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matt_nightingale

Stephen King - 'Salem's Lot

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I just finished reading this book... Really enjoyed it. I always seem to slip into thriller/horror mode sometimes during the summer; not quite sure why. Anyone else into Stephen King? I read Cell last summer and really didn't like it very much, but 'Salem's Lot was very satisfying. I've also read Misery and The Shining, but I think that's it. Any other recommendations?

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After dismissing King for years (though I'd never read him), I roared through On Writing in 2006, and I've appreciated him since. He's not the best writer alive

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NBooth   

The only King I've read is his a-typical The Colorado Kid for the Hard Case Crime line of books. It's not horror or supernatural; in fact, it consists entirely of a woman and two old men discussing a decades-old murder. It moves at a brisk pace and does a good job pointing out the tension between "genre" and "reality" in genre fiction, and beyond that, it looks at with the ways we deal with life itself--not in a very deep way, but still pretty ambitious for a detective story.

Edited by NBooth

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I recently got back into Sai-King (hence my screen name). I started out with The Dark Tower series, just finished Cell, and have started Nightmares & Dreamscapes. B)

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Jacques   

Desperation- a classic starts off with a bang and never lets up.... when i first read this i thought King was taking a Christian turn due to one of the characters and where it goes.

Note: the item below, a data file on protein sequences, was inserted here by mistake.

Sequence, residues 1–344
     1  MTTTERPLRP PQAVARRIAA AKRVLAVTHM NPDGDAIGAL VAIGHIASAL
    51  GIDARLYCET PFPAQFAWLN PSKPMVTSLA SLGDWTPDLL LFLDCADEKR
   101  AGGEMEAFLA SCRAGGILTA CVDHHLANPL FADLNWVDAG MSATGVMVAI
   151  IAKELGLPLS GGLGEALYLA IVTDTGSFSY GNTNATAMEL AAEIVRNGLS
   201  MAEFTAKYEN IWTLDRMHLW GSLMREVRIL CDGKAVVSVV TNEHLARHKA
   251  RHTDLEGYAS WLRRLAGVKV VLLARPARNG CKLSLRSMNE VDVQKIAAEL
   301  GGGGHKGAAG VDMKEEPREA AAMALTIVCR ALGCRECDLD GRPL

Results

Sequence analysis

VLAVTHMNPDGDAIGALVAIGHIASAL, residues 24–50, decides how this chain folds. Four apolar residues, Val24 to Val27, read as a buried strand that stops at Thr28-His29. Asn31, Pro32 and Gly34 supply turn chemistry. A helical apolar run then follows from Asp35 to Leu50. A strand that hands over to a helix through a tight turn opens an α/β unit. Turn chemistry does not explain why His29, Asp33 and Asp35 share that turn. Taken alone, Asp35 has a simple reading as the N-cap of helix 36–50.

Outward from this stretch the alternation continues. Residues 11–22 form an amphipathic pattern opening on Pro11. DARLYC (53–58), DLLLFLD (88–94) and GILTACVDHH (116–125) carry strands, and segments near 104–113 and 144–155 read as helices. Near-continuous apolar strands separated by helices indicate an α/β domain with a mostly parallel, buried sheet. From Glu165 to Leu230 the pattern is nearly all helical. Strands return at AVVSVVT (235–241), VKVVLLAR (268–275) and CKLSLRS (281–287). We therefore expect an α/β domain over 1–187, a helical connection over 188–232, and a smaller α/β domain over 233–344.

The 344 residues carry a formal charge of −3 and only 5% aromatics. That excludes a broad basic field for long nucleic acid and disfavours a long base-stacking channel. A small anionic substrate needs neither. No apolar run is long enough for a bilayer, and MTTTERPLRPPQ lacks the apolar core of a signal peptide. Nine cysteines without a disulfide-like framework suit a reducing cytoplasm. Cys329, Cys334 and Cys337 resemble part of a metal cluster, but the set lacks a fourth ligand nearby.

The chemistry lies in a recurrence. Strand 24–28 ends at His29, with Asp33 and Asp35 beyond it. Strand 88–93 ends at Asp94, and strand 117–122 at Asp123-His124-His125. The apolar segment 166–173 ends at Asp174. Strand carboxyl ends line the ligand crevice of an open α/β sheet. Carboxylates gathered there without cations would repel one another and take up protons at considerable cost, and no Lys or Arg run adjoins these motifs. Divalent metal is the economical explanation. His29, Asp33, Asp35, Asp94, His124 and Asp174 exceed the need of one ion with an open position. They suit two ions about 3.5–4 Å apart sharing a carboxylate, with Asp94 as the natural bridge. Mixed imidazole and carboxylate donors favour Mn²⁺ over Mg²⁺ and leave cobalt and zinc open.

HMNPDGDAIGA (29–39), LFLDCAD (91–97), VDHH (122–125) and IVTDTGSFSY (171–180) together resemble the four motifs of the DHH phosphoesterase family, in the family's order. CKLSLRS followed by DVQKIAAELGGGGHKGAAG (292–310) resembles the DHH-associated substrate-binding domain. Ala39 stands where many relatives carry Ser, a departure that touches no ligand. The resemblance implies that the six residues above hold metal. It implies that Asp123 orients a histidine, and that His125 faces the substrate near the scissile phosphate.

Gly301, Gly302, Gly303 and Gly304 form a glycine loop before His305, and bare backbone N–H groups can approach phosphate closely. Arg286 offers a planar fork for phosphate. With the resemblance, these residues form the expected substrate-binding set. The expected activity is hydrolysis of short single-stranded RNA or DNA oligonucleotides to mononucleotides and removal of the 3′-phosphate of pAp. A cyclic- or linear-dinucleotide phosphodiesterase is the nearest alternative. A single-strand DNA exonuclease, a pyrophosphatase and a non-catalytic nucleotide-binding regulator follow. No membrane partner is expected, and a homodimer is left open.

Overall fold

Bag of Bones....a love story/ghost story, about u guessed it, a middle aged writer living in Maine. even better- get this bad boy on audio as the King miester himself reads the complete text ...a real treat in of itself. His aptitude for dialogue is as usual stunning and to hear the variety of accents he does for each character makes it a rewarding experience- especially if confined on some long road or plane trip.

ill second the Dark Tower series of seven books... pure solid King, great characters

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Jacques: I love the audio recommendation! Thanks. I wonder sometimes if authors are the best readers of their own works. You would think they would be, but I've heard a few titles that have suffered from being read by the authors.

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Jacques   
Jacques: I love the audio recommendation! Thanks. I wonder sometimes if authors are the best readers of their own works.

Ditto Mister C. I suffered through a few...the worst was an Lp recording of Hemingway...he would of been better reading the poems of Emily Dickenson.. that bad. Oh and i forgot to add, plz do be careful if ur driving and listening... no joke its that good- so be vigilant if alone for i found myself, as did the wife-erama, caught up so by the narration :blink: .

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Stephen King’s ‘Drunken Fireworks’ to Arrive as Audiobook, Free Stream

CBS Corp.’s Simon & Schuster Audio is releasing a new Stephen King short story titled “Drunken Fireworks” exclusively as a CD audiobook and digital download on June 30th. ... CBS Radio, which is also owned by CBS Corp., intends to stream the audiobook for free on July 2 across its new audio platform Play.it. In hopes of reminding people to tune in, CBS Radio stations in more than 20 markets will air 15-second promotions for four days starting June 29.

Edited by Christian

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NBooth   

I read this novel (on audiobook) earlier this year but didn't realize we had a thread on it. It's quite good. Obviously, its basic plot is pretty much that of Dracula (at least, as I understand it--I've not read the Stoker novel), but what's interesting here is that it's Dracula by way of Peyton Place and Kings Row (both of which King namedrops in the introduction to the edition I listened to). The idea that 'Salems Lot was already infested with evil before the Big Evil shows up (and that's why the BE is able to make its home there) is pretty much a development of the ideas in the two earlier novels (and, heck, let's go back--in Main Street). So, of course, given my interests at the moment I really enjoyed this novel.

Not unrelated: "Chapter Ten (The Lot III)" (the one beginning "The town knew about darkness") is probably my favorite section of the novel.

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